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Hand embroidery stitches, stitch groups, and families

Hand embroidery stitches, stitch groups, and families. The classification of hand embroidery stitches by purpose and technique

There are hundreds of documented hand embroidery stitches. Every embroidery technique has its own traditional set of embroidery stitches. Some stitches are considered typical to Crewel embroidery, some – to Brazilian embroidery, and other ones are typical for Goldwork. Surface embroidery uses many of the stitches from all the embroidery techniques.

There is no official or right way to classify the stitches. Some embroidery artists are even against any classifications. 

Most of the sources I researched use different ways to classify the stitches. For example, Textile Research Centre organizes the stitches by the technique used to make them. You will find the categories of knotting and netting, lace making, looping, smocking, and weaving.

I think that hand embroidery stitches can be grouped by the technique used to make them or by their purpose in surface embroidery. I like to keep things in the drawers. That’s why I use this type of grouping:

Grouping by technique (stitch families)

  • Backstitch stitch family
  • Blanket stitch family
  • Chain stitch family
  • Chevron stitch family
  • Couching stitch family
  • Cretan stitch family
  • Cross stitch family
  • Feather stitch family
  • Fishbone stitch family
  • Fly stitch family
  • Herringbone stitch family
  • Knots
  • Running stitch family
  • Satin stitch family
  • Stem stitch family
  • Straight stitch family
  • Weaving stitch family

Grouping by a purpose

  • Essential stitches
  • Outline stitches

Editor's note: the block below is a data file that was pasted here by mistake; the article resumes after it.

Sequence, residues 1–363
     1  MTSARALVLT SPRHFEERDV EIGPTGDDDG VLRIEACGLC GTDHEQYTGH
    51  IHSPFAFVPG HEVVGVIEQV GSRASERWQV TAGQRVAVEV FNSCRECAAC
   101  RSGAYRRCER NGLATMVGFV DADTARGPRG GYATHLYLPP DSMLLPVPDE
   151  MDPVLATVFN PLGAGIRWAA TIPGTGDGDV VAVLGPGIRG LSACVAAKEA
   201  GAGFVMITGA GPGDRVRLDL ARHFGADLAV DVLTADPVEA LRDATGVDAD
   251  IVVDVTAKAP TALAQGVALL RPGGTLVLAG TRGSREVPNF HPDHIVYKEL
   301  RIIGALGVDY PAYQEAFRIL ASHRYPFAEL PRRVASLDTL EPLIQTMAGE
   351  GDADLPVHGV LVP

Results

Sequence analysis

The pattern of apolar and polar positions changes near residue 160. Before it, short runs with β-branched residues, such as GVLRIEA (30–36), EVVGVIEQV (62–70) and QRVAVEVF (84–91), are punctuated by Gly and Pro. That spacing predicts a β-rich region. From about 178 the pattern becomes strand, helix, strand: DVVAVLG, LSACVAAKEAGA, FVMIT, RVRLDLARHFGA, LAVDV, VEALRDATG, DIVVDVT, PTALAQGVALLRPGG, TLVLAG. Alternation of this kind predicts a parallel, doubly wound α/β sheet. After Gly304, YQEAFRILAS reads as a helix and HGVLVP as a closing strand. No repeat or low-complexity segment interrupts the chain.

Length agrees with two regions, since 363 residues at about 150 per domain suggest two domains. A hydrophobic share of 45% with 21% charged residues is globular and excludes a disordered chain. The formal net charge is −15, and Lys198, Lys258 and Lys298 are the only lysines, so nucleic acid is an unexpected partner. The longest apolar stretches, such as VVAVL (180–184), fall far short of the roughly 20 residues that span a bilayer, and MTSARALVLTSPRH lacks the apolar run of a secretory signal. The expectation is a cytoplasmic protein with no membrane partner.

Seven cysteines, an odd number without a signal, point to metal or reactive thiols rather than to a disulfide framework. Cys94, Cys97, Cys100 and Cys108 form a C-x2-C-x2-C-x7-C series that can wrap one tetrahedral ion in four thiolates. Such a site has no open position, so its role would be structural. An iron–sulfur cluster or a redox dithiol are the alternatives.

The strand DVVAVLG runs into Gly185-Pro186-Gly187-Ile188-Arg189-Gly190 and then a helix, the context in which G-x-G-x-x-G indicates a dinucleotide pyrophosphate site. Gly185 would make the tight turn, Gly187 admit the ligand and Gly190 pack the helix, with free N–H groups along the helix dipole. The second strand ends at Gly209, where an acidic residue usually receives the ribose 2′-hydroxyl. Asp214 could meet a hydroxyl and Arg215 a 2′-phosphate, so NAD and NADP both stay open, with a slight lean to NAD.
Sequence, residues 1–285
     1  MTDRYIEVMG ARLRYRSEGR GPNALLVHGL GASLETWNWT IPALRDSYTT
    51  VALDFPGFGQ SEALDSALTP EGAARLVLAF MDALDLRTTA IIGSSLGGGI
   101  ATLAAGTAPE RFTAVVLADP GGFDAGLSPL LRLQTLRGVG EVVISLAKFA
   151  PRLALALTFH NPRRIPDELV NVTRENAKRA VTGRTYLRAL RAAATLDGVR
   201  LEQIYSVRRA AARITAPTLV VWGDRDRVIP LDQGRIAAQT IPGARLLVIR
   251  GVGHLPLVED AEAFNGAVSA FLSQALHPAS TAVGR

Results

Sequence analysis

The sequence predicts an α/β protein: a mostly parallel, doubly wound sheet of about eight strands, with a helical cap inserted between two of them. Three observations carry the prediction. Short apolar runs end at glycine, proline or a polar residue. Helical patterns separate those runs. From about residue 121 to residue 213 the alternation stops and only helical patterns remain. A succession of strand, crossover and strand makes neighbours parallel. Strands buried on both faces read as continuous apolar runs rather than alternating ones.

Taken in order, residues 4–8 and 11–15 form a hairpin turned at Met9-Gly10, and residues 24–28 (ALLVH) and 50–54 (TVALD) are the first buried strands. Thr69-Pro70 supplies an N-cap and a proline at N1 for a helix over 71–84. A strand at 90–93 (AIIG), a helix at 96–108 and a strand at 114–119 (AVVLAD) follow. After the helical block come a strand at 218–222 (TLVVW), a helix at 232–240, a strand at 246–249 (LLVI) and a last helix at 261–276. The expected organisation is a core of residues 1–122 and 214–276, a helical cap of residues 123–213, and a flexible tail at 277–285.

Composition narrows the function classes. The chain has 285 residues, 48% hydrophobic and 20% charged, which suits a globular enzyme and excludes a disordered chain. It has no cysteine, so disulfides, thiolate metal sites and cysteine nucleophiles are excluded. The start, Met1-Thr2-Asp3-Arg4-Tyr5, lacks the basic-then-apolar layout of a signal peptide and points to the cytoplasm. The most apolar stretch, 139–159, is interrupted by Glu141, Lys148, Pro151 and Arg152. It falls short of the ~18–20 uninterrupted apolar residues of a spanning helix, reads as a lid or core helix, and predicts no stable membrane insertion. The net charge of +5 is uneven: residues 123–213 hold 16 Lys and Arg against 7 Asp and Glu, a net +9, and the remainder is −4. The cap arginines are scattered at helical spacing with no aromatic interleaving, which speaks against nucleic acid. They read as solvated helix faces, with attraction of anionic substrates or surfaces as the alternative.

• Stitches for lettering
  • Filling stitches
  • Decorative stitches (detached stitches and knots)
  • Border stitches

Sure this kind of grouping is not perfect, as the same embroidery stitch can be used for outlining and borders or a decorative stitch can be used for lettering. For this reason, some of the embroidery stitches will be included in both categories. But, on the other hand, some kind of system, even if it’s not perfect, is better than none.

Essential stitches

Essential stitches of hand embroidery are a set of the most elementary and basic of all stitches. These are holding stitches and finishing stitches, so you know how to start and finish stitching and ensure that the stitches will hold. Also, the most basic stitches like Backstitch, Running stitch, Seed stitch, Chain stitch, and Stem stitch are on this list.

You can learn more about The top 10 basic hand embroidery stitches HERE.

Outline stitches

Outline stitches play a crucial role in hand embroidery. Outline stitches can define shapes, cover pattern transfer lines, and cover uneven stitched edges. Also, you can add details to the embroidery with these stitches. Some of the filling stitches do not have well-defined and neat edges. Outline stitches can make them look better and more defined.
Chain stitch, Stem stitch, or Whipped backstitch are traditional outline stitches. But do not limit yourself to these.

Stitches for lettering

Basically, any hand embroidery stitch could be used for lettering. But of course, some embroidery stitches do the job best.